1. Applying is a Risk Management Activity
Simply applying for cyber insurance can help protect your company’s confidential data even if you do not end up finalizing a purchase. Cyber insurance applications ask about the processes and procedures a company has in place to mitigate cyber breaches. They make Insurance buyers think. They ask questions like: Do outgoing payments have dual factor authentication? Are employees trained to spot breaches? Are systems backed up and updated regularly? Does an outside IT Security firm perform audits or monitor the business systems? Does the business have a Chief Technology Officer? If so, what is their experience? Here is a link to a real cyber insurance application: https://www.cfcunderwriting.com/media/1568/cyber-combined-application-usa.pdf
2. You Are Not Covered
Unlike the traditional business insurance, general liability, which provides coverage for bodily injury and property damage claims, cyber insurance is primarily designed to provide coverage for a financial loss General liability (GL) insurance, is near useless when it comes to data breaches.
GL is littered with electronic data exclusions, excludes forensic expenses, credit monitoring, confidential data breach, reputation harm, credit monitoring expenses, etc. Crime policies even exclude confidential data. Business Owner’s packages (BOPs) also limit electronic data to specified perils and traditionally only come with $10,000 of coverage (which is laughable) and excludes viruses as a covered cause of loss.
Personal and advertising injury (included in General liability) which is coverage for bodily injury from false arrest, detention or imprisonment, invasion of privacy wrongful eviction, infringing on another’s copyright trade dress or slogan in your advertisement; is also limited in the GL. There are exclusions for patent, trade mark, trade secret, businesses in media and internet type businesses, and business whose’ websites have chatroom or bulletin boards.
3. Cyber Insurance is Affordable
Costs varies greatly by company size and revenue, but a minimal $1,000,000 limit coverage can typically range from $1,500 to $5,000 annually. The cost is decreasing due to insurance companies having more underwriting data. Cyber Insurance in general, has only been in the market place for about two decades as opposed to other products like auto insurance or homeowner’s insurance, where insurance companies have many decades of underwriting and claims data.
4. It’s “Required” by Law
Pretty much, all 50 states, the District of Columbia, Guam, Puerto Rico and the Virgin Islands have enacted legislation requiring private or governmental entities to notify individuals of security breaches of information involving personally identifiable information. Cyber Insurance can help pay fines and penalties. Security breach laws typically have provisions regarding who must comply with the law (i.e., businesses, data/information brokers, government entities, etc.); definitions of “personal information” (i.e., name combined with SSN, driver’s license or state ID, account numbers, etc.); what constitutes a breach (i.e., unauthorized acquisition of data); requirements for notice (i.e., timing or method of notice, who must be notified); and exemptions (i.e., for encrypted information). Here is a complete list: http://www.ncsl.org/research/telecommunications-and-information-technology/security-breach-notification-laws.aspx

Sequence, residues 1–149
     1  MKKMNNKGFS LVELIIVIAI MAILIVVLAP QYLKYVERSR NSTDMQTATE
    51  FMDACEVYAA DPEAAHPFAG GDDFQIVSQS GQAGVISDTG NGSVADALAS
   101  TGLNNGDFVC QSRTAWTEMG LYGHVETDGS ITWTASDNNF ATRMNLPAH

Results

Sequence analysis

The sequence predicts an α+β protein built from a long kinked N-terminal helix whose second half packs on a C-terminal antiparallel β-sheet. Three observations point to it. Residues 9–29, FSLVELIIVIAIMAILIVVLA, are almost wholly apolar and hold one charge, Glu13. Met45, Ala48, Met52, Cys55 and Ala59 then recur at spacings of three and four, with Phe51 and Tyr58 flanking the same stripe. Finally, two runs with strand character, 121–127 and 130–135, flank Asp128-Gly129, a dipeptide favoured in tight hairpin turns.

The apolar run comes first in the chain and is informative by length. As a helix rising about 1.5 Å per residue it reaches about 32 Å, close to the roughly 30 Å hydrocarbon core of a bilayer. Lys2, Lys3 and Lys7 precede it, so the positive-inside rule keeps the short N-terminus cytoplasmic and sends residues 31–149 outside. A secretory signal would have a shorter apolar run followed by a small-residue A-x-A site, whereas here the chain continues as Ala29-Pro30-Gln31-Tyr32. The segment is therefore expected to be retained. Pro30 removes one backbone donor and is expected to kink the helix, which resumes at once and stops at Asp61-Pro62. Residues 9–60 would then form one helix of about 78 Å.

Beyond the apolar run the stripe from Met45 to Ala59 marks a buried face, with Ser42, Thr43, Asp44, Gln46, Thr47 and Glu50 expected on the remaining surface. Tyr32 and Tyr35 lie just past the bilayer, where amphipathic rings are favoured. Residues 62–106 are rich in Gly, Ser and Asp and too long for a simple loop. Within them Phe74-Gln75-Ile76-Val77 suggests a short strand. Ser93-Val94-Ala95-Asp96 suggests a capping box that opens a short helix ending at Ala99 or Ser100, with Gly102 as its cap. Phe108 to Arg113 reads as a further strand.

Here are some other laws you may recognize with data breach implications:
Health Insurance Portability and Accountability Act (HIPPA)
The Heath Information Technology for Economic and Clinical Health (HITECH) Act
Graham-leach Bliley Act
5. It May be Required by Contract.
Federal Government Contractors, IT Services, software developers, and technology companies may be required by a vendor or customer by contract to provide some cyber insurance. Signing confidentially agreements, master service agreements, or any contract with insurance implications may go smoother if cyber insurance is in place. It shows the other party you are serious when it comes to protecting their data.
6. Your data breach response plan is simplified
Cyber insurance policies bestow all the cyber incident specialists to the policy holder. In other words, if a breach happens, you submit a claim and let your cyber insurance company do the leg work of coordinating responses from a breach coach, an IT forensics firm, a PR agency, notification services providers, call centers, and legal counsel. Many cyber insurance companies also give additional “pre-breach” services to policy holders like Online Security Awareness Training & education, 24/7 cyber hotlines, response readiness assessments and pre-breach white-hat hacking services.
7. Accidents Happen.
Many studies show the majority of breaches are a result of human error. Cyber insurance can help pay the breach costs from an accident like a financial controller forgetting to password protect a spreadsheet or a salesperson forgetting their company laptop in an Uber. The infamous Equifax data breach that exposed records of about half the population of the entire U.S. was reportedly due to the mistake of Equifax employees not properly patching software, i.e. human error.